So if you’re on the receiving end of some feedback from a customer during the course of your regular communication with them—no matter how negative or severe—make a note of it and try to follow up when you can.

Well-connected product marketers are probably pretty immersed in roadmap development or sprint planning, so if you see that their bug is being fixed or a new feature that they’ve been coveting is on the horizon, reach back out to the customer who had the problem and give them a sneak preview. It lets them know that the time they spent with you wasn’t a waste, and that this discussion wasn’t simply a social call, but a meeting with clear action items and next steps.

Remember, this is a privilege

They’re overused words, but I’ve always felt a sense of both honor and duty when I’ve been called upon to represent our customers in internal conversations. As a company, we’ve been entrusted with hard-earned capital to help them solve for key challenges. And as a product marketer, I’ve been entrusted with carrying their feedback and feelings inwards to the organization with the hope of bringing about positive change.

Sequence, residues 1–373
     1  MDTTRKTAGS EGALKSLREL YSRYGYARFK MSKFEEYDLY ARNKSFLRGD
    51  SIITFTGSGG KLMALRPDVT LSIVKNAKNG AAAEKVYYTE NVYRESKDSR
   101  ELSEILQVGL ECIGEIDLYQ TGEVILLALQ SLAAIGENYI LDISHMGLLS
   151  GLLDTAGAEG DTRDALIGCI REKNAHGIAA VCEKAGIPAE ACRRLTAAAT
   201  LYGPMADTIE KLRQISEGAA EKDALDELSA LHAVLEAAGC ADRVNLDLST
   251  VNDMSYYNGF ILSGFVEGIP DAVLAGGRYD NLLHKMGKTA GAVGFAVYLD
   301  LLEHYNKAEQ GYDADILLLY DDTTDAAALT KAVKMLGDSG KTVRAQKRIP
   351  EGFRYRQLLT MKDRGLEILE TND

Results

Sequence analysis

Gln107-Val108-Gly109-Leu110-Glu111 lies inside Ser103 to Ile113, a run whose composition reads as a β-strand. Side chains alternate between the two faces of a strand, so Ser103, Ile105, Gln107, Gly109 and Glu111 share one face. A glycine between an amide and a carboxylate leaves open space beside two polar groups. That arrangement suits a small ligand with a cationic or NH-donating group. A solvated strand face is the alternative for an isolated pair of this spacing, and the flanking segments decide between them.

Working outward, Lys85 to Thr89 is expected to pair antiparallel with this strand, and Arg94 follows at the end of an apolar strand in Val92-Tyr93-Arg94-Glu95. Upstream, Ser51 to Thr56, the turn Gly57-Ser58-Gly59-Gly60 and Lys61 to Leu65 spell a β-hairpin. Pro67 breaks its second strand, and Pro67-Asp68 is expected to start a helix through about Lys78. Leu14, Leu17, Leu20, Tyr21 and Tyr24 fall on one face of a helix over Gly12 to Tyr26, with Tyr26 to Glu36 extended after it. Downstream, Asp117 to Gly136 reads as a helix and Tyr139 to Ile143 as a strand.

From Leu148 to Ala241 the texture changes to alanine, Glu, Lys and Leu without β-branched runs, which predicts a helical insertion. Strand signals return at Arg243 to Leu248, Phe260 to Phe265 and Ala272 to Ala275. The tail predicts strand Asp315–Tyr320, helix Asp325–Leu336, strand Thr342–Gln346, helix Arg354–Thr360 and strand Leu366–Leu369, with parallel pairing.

When it’s done properly, listening to your customer, speaking in their voice, and responding back to them as the voice of the company, can lead to a more client-driven product roadmap, pricing strategy, positioning framework, brand outlook...and the list goes on. When it’s done poorly, you’re left Tweeting back to an angry traveler stuck in the bulkhead seat on a flight home from Michigan who’s just trying to improve his lot in life.